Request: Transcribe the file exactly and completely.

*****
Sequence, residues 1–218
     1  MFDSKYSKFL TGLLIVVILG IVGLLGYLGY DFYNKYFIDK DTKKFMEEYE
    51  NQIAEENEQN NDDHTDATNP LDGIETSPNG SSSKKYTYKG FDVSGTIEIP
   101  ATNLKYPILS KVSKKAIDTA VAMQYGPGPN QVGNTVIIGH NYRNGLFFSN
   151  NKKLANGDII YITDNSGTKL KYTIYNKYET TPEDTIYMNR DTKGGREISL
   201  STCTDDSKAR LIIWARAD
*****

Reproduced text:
Sequence, residues 1–218
     1  MFDSKYSKFL TGLLIVVILG IVGLLGYLGY DFYNKYFIDK DTKKFMEEYE
    51  NQIAEENEQN NDDHTDATNP LDGIETSPNG SSSKKYTYKG FDVSGTIEIP
   101  ATNLKYPILS KVSKKAIDTA VAMQYGPGPN QVGNTVIIGH NYRNGLFFSN
   151  NKKLANGDII YITDNSGTKL KYTIYNKYET TPEDTIYMNR DTKGGREISL
   201  STCTDDSKAR LIIWARAD